January 1st, 2020
“Brim-fill the bowl, it’ll spill over.” Lao Tzu by way of Ursula K. Le Guin
As language teachers, we want to hear our students speak. Yet, we all have seen the results of forced output: students who dread speaking, who hesitate and stumble and the one phrase that comes out is exactly what they know is incorrect. It’s like trying to draw water from a shallow, muddy well. When I asked a university class of eighteen year old English majors to describe a frightening experience, at least a quarter of them wrote about being called on to speak in English in class.
Stephen Krashen tells us to give our students optimal input, rich and varied input, and the output will take care of itself. I’ve often used the image of the glass of water filled to the brim with students who want to practice speaking. When they speak because they can’t help themselves, when they are not practicing but communicating something essential, the language that flows from their mouths will be clear and correct.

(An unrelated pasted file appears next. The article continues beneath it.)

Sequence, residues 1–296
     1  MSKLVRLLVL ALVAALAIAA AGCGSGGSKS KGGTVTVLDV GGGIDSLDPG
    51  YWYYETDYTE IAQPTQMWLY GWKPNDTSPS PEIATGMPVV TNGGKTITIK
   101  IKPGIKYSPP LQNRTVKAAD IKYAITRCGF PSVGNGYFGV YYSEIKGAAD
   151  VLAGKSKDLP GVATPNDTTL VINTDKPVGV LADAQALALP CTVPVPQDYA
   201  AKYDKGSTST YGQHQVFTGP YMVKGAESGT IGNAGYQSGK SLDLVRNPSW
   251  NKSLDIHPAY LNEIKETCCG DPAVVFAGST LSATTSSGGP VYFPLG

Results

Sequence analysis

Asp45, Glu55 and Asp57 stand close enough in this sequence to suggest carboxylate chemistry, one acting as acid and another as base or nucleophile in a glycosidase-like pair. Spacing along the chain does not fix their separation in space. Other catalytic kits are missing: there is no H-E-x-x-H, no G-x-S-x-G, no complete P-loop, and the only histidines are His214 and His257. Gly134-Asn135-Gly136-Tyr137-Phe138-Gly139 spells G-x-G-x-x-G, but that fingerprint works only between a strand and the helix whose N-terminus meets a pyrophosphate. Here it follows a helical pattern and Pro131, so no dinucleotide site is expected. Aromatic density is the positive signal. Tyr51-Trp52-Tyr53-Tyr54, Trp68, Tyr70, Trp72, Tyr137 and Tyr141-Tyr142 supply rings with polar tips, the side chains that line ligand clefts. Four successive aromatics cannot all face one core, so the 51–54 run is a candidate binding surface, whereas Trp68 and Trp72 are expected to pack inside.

Other teachers insist that students need to practice. “You learn to speak by speaking.” Yet Lao Tzu continues with “Keep sharpening the blade, you’ll soon blunt it.” By forcing students to speak before they are ready, before the speech spills out of their mouth, we are blunting their spontaneous desire to speak. One of my adult students told a story about being called to the phone in her office because her colleagues knew she was taking English lessons. The caller was English and spoke no French. My student answered their questions and gave them the information they needed. When she hung up, she was utterly amazed at herself. Telling me about it she said, “I don’t know where the words were coming from. I completely forgot I was speaking in English, I just wanted to help them.”
Fill the bowl to the brim and it will spill over.
Give your students optimal input. When their minds are filled with lovely language, it will spill out of their mouths.